[Date Prev][Date Next][Thread Prev][Thread Next][Date Index][Thread Index]

Re: HRTF: azimuth to ITD

Dear John,

This is a very important question, and lead to a very fundamental question:
what is the ITD? There are a variety of opinions on the matter going around,
concerning difference in time of arrival or time delay for the most
coherence between left/right signals. The addition of frequency variations
is also an important questions. 

Can you actually say there is sense in a measure ITD between 2 ears at 80
Hz? The wavelength a this frequency is enormous, human localization ability
being negligible, and finally the majority of HRTF measurement systems don't
have decent response at these low frequencies (as well as the rooms
response), so many (like CIPIC) simulate the results. 

At higher frequencies, the measured ITD values, and contour pattern (spatial
function one could say) vary greatly depending on the method used to
calculated the ITD. For example, with the max(ITD) azimuth varying from 60°
on front to 120° to the rear. 

The problem, as such, is both a signal processing and psycho-acoustic. While
many mathematical methods can be derived to calculate a time-difference,
there are in fact very few studies on the correlation between perceived ITD
and measured ITD. The few that have been done have focused on the frontal
plane, where there are less  differences between methods. 

While I realize that this response doesn't really answer your question, I
think it is important to highlight that in fact here is not a real consensus
on the issue, even though many take the idea of ITD as a given and simple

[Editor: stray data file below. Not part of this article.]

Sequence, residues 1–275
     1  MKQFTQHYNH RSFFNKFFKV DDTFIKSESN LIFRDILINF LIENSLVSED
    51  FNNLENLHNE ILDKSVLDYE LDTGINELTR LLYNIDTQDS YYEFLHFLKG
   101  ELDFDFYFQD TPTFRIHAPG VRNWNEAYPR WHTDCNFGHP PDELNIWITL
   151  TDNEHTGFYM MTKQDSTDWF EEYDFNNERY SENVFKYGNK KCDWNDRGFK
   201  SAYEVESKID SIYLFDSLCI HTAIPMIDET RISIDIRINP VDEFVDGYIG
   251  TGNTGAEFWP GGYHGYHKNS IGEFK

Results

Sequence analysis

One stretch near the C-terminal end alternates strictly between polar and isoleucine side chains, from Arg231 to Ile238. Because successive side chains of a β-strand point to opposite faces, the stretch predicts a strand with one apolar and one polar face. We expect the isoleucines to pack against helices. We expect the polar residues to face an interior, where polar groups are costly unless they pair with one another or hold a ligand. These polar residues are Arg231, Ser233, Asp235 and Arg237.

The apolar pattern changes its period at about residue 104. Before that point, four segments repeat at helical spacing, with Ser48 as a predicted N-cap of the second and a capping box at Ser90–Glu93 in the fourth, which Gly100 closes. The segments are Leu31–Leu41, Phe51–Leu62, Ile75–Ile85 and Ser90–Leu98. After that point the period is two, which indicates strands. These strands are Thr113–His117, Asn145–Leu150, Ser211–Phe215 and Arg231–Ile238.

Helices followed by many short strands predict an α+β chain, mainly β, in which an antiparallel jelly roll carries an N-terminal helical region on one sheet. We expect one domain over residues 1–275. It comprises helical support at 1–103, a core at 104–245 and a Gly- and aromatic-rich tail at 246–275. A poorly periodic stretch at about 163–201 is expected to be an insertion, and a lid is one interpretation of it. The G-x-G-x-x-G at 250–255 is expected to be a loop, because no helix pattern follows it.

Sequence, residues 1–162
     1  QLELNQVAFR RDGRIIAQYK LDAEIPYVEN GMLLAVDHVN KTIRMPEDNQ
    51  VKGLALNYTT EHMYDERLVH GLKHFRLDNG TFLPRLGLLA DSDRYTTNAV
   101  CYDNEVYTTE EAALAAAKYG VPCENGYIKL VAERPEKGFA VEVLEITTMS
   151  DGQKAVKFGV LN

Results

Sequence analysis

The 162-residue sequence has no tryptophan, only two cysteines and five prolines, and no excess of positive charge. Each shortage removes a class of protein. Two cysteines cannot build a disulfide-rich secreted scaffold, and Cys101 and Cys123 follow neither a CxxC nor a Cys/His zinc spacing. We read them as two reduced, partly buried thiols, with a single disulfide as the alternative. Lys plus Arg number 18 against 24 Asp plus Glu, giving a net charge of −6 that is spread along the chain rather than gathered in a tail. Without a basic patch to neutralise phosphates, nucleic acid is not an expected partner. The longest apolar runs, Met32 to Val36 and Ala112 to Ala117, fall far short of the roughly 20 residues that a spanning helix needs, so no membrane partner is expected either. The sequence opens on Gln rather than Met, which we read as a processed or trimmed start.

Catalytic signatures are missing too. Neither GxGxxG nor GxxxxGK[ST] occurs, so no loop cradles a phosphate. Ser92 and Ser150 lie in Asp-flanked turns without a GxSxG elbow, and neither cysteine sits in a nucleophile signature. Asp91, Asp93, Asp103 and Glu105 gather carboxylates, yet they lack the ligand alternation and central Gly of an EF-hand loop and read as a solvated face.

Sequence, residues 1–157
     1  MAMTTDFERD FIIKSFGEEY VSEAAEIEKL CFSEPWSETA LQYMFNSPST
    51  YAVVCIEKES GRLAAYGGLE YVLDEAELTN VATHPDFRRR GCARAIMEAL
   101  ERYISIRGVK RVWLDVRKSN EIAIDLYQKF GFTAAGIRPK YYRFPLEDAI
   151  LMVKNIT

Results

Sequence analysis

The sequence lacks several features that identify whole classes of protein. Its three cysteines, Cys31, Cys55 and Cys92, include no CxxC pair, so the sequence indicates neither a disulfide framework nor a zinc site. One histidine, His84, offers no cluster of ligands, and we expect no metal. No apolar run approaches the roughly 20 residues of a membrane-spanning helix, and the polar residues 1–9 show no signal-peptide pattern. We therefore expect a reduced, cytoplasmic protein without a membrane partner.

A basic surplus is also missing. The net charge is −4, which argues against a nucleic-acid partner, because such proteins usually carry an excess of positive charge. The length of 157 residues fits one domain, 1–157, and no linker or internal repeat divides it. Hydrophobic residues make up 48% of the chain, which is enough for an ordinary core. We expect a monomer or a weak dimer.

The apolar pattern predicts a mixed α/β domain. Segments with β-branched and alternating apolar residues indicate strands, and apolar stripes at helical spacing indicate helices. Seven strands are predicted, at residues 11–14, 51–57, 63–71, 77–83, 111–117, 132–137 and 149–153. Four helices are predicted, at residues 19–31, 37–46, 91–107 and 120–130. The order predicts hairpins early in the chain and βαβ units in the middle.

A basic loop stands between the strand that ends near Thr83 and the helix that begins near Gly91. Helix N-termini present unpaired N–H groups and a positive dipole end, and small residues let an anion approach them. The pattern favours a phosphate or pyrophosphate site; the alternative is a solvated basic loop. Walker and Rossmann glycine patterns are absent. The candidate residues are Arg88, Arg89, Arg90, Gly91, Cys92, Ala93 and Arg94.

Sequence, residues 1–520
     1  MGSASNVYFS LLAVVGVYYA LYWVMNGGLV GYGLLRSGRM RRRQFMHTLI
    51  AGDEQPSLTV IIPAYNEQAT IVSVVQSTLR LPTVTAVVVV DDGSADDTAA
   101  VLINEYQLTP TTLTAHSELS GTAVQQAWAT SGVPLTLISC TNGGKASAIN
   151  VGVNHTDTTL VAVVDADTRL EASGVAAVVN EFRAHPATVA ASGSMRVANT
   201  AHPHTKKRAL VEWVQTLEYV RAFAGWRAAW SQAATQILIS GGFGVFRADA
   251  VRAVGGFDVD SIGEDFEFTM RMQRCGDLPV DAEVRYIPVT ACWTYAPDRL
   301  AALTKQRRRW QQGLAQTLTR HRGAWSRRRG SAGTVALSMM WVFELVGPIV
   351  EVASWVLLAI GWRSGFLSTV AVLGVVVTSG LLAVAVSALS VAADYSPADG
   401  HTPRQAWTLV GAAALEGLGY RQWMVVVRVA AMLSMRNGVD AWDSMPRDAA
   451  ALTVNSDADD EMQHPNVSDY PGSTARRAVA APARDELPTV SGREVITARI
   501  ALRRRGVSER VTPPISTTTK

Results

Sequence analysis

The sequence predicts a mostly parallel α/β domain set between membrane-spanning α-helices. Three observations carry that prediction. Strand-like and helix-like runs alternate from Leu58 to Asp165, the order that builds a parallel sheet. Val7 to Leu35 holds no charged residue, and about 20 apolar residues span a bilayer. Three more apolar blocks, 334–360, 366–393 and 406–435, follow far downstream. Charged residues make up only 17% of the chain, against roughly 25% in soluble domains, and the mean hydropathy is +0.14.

We are currently working on a publication for which much more information
will be available shortly. Regrettably, I can not diffuse the results before


-Brian FG Katz 

Brian FG Katz, Ph.D
Perception Située
BP 133
F91403 Orsay
tel. (+33)
fax. (+33)
e-mail Brian.Katz@xxxxxxxx


Date:    Thu, 7 Feb 2008 13:24:12 -0500
From:    JOHN WOODRUFF <woodruff.95@xxxxxxx>
Subject: HRTF: azimuth to ITD

i am doing some work that involves head-related transfer functions.  i have
been using the MIT and CIPIC databases and have noticed some unexpected
results regarding interaural time delay.  for example, in the case of the
MIT database (full,L) at 0 degrees elevation, the time delay associated with
the HRTF of 70 degrees azimuth is smaller than that of 65 degrees azimuth
for 80-150 Hz.  similarly, for 6.5-8 kHz, the time delay for 70 degrees
azimuth is larger than that of 75 degrees azimuth.  

i have noticed similar trends in the compact MIT database and in the CIPIC
database.  i can imagine that HRTF measurements taken from humans may have
slight discrepancies due to subtle head movements by the subject, but can
anyone explain why measurements using KEMAR would have non-monotonic
functions relating azimuth and ITD?  does what i'm seeing reflect physical
time delay or is it possibly an artifact from the measurement process or
signal processing involved?  

thanks very much, john

John Woodruff
Perception and Neurodynamics Lab
Ohio State University